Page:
- In each matter it investigates for “unfairness,” the FTC will determine, based on the specific facts on hand, whether a data breach involves business conduct that (1) has imposed or is likely to cause substantial injury to consumers that (2) could not reasonably have been avoided and (3) is not outweighed by countervailing benefits to consumers or to competition.
- In weighing potential benefits, the FTC will ask whether any potential remedy it might seek to impose (for example, new costly changes in business procedures or technologies) will impose higher costs on consumers and business that are greater than the likely costs of future breaches that will be averted. The FTC will consider imposing only a remedy that meets this cost-benefit test. If the costs of each potential remedy outweigh the harm of averted future breaches, the FTC will not bring an enforcement action.
- Even if all three unfairness factors are met, the FTC will not bring an enforcement action unless it determines that the business under investigation acted unreasonably, taking into account best industry practices extant. (Business unreasonableness may be reflected in inappropriate action or inaction that fails to meet best current standards.)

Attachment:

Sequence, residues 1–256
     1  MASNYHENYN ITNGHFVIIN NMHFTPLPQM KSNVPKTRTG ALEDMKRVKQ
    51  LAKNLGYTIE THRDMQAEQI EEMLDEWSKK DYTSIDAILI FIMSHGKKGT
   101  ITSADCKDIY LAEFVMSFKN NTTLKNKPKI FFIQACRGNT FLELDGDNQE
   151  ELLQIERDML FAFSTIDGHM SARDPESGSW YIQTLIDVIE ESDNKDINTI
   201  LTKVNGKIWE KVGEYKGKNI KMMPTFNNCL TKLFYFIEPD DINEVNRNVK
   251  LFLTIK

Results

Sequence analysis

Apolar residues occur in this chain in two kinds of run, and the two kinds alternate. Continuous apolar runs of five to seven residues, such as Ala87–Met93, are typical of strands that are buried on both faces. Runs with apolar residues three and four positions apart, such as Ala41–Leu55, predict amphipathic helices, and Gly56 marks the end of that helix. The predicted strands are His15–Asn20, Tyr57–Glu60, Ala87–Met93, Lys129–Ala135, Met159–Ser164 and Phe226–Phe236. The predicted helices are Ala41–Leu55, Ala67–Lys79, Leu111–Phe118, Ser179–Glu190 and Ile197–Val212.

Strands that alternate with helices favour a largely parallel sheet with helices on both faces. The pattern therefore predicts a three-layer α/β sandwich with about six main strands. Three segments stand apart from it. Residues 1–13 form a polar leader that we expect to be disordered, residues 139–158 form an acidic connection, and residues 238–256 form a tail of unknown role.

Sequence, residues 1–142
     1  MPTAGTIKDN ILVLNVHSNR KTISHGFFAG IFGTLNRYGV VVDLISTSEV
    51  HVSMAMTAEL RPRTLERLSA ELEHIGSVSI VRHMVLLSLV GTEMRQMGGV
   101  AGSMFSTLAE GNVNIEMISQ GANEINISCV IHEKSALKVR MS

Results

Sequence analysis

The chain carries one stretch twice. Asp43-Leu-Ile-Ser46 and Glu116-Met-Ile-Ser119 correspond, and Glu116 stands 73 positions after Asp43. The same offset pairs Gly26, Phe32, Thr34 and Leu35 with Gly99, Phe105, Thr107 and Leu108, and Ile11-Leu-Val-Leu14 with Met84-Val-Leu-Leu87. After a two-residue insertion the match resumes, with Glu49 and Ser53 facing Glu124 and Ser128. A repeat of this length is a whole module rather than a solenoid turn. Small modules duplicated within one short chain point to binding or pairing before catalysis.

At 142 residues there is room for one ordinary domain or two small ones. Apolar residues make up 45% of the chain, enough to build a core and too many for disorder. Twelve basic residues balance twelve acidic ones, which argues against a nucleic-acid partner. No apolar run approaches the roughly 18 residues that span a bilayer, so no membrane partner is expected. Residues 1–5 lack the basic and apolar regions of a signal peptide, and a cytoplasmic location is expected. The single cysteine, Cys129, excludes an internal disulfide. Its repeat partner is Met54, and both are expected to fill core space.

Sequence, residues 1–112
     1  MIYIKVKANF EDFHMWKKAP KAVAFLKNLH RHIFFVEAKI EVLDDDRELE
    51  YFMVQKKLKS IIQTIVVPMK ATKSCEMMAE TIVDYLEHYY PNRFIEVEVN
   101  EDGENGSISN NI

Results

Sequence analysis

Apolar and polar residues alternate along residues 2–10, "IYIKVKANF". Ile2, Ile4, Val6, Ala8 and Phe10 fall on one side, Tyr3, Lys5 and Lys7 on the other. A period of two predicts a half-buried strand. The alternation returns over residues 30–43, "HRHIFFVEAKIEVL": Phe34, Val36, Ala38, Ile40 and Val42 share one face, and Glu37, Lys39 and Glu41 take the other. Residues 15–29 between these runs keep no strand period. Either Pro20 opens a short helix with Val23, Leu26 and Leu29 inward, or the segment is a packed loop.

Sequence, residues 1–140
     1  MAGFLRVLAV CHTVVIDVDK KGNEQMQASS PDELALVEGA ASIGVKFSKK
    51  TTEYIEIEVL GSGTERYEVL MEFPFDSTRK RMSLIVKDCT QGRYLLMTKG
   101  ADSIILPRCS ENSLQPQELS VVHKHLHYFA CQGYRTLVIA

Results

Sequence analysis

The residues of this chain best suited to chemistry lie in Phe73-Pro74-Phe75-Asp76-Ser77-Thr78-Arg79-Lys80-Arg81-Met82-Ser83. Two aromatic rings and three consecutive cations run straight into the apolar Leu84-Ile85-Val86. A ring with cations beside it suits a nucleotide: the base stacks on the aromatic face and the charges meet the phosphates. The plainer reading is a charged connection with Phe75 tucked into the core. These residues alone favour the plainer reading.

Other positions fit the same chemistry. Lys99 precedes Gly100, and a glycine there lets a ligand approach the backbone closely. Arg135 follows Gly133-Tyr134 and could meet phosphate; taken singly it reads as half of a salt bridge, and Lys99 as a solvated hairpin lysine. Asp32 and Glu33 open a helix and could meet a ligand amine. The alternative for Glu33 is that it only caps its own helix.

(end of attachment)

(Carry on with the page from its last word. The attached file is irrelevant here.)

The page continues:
- The FTC will develop protocols to limit investigative costs imposed on business (for example, by avoiding excessive demands for interviews and superfluous documents) and to tailor investigative demands to the resources and scale of the entity under investigation. It should also place tighter time limits on administrative inquiries. The goal should be to avoid situations such as the LabMD investigation whose costs may have driven that small company out of business.
- The FTC will take into account the merits of informal self-regulatory efforts, including non-binding protocols, in gauging the reasonableness of particular business conduct.